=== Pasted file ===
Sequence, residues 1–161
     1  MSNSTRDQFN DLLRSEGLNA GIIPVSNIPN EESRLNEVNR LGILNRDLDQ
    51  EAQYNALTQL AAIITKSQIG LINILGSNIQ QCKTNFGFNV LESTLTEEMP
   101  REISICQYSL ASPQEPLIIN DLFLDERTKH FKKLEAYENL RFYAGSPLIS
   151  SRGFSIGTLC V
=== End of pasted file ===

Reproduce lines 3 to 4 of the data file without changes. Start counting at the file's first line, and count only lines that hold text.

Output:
    51  EAQYNALTQL AAIITKSQIG LINILGSNIQ QCKTNFGFNV LESTLTEEMP
   101  REISICQYSL ASPQEPLIIN DLFLDERTKH FKKLEAYENL RFYAGSPLIS